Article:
Routine lab work to examine a host of biological parameters often depends on destructively lysing, or bursting, cells to release their contents for measurement. While this simple technique has been used for decades, it creates a constraint on protocol design because a given cell can only be analyzed once (when lysed) in a snapshot-like manner. A new technique developed at Stanford University enables researchers to non-destructively sample a cell’s interior, thus allowing for dynamic monitoring of the same cell over multiple time-points.
Inspired by natural gates (gap junctions) that allow cells to exchange substances, the Stanford team built an array of nano-scale hollow tubes 600 times thinner than a human hair. Cells grown on this Nanostraw Extraction (NEX) platform are subjected to a momentary electrical current, freeing some of the cellular contents to diffuse out and through the nanostraws for collection and analysis by standard lab techniques, such as ELISA or PCR. Coupling a transient current with these nanostraws allows the researchers to take multiple snapshots of a cell’s interior without killing it.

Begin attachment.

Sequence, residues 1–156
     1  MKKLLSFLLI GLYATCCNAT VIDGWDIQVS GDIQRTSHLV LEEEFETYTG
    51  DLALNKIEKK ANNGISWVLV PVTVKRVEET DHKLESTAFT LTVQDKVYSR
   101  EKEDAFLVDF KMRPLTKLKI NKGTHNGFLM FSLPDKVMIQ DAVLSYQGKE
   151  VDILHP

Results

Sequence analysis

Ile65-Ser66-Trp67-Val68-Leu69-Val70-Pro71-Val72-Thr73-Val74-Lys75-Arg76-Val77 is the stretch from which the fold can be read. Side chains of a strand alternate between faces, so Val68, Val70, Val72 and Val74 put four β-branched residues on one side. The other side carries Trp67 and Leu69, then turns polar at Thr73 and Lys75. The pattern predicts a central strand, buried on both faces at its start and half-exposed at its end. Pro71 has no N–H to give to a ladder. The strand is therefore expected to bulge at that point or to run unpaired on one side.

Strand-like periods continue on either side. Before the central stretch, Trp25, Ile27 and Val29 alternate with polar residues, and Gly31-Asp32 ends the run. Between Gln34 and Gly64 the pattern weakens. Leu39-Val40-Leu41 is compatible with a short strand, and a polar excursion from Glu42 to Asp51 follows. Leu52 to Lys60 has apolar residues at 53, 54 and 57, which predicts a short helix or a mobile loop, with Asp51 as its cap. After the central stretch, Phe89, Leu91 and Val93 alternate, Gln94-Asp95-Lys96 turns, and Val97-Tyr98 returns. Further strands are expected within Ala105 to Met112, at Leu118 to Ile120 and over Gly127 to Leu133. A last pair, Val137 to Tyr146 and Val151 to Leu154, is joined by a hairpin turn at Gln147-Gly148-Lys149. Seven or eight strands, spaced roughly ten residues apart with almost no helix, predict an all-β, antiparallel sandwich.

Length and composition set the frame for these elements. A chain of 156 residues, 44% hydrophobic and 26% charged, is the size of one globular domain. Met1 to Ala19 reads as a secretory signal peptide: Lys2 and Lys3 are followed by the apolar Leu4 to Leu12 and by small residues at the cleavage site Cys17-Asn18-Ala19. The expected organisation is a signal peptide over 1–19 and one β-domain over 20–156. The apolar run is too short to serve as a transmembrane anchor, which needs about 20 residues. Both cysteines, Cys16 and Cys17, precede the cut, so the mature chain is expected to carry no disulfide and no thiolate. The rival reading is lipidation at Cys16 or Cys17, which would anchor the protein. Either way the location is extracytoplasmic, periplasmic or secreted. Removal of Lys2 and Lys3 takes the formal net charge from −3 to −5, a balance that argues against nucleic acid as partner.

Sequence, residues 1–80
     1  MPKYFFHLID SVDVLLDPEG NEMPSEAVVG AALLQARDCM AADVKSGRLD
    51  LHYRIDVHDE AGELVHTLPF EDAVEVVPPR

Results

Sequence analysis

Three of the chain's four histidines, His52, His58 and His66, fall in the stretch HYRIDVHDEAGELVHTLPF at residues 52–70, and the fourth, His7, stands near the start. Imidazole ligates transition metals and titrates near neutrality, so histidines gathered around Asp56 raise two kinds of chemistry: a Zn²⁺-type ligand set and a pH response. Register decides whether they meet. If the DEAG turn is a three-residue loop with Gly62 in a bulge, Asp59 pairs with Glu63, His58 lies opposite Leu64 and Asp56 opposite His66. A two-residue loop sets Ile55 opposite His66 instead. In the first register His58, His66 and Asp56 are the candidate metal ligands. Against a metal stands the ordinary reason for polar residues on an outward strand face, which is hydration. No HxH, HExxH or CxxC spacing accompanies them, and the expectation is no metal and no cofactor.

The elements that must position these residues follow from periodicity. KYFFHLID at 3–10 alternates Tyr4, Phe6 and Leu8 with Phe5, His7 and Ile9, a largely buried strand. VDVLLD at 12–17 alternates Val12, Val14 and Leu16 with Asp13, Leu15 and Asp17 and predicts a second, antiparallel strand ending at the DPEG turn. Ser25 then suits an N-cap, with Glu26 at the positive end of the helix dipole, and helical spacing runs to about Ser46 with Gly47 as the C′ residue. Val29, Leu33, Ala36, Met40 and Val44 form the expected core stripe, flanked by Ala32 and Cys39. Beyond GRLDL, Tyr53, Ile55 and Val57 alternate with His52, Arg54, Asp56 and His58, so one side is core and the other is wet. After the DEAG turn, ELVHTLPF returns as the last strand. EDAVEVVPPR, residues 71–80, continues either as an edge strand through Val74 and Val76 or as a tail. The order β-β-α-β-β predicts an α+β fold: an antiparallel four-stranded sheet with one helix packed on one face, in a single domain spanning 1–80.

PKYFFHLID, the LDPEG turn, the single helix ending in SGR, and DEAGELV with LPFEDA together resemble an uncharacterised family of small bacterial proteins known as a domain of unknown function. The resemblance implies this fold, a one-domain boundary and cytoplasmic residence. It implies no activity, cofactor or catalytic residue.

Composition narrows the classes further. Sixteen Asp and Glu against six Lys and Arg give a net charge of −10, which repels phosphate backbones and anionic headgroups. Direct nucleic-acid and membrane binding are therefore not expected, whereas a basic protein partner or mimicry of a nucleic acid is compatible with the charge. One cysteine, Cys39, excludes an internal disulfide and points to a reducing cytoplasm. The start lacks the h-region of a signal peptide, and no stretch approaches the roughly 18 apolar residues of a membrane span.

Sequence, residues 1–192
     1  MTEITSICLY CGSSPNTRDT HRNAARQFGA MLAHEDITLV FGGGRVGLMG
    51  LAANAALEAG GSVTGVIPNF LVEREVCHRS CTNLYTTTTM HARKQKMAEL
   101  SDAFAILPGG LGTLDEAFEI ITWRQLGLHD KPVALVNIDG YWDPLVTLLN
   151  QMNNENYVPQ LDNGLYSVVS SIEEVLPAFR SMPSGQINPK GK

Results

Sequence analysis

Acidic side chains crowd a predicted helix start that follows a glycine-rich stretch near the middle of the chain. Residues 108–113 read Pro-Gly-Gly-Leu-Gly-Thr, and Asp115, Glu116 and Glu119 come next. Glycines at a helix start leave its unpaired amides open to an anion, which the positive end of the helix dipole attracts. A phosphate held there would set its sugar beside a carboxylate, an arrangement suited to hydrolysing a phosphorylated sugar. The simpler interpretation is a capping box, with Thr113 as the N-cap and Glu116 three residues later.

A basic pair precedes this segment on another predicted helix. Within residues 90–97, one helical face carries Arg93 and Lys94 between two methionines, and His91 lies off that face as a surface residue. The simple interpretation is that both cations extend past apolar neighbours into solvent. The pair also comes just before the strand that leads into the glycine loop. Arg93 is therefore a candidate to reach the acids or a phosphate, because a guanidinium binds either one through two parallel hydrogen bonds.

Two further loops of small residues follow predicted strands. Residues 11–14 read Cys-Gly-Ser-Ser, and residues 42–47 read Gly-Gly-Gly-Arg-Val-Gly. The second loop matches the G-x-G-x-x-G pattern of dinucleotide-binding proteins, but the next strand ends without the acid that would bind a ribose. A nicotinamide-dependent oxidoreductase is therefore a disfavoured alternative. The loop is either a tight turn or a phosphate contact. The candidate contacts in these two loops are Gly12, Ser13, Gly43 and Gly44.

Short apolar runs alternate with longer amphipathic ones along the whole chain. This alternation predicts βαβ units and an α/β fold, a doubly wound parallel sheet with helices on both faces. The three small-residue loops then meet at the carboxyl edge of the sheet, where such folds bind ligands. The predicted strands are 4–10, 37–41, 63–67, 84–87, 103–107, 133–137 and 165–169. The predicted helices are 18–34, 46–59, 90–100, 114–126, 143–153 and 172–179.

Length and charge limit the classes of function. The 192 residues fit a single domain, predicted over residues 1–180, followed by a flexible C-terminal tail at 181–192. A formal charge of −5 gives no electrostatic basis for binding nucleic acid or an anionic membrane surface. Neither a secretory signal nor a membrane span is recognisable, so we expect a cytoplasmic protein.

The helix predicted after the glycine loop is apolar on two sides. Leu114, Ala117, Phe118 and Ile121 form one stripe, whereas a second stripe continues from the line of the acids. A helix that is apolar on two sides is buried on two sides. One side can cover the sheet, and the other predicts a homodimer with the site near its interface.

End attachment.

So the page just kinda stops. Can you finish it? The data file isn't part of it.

The Stanford team tested the NEX platform on cell lines and human stem-cell derived heart and brain cells for up to 20 days, showing that it did not alter cell survival or morphology. Demonstrating the versatility of NEX sampling, the investigators measured levels of constant and dynamic fluorescent proteins over multiple days, showing high correlation with measurements from conventional lysis techniques. Notably, NEX can sample all regions of a cell’s cytoplasm, is consistent with lysis controls for measuring functional proteins and mRNA levels, and its function is unaffected by a dynamic culture such as beating heart cells.
Although the researchers have demonstrated an ability to interrogate biological parameters at a single-cell level by manipulating the area containing nanostraws, the platform necessitates an additional step to concentrate or amplify the extracted proteins and RNA – a step that will hopefully be eliminated as more sensitive assay technologies are developed. In the meantime, the NEX platform promises to revolutionize dynamic assays, such as those studying stem cell development or transient drug responses.
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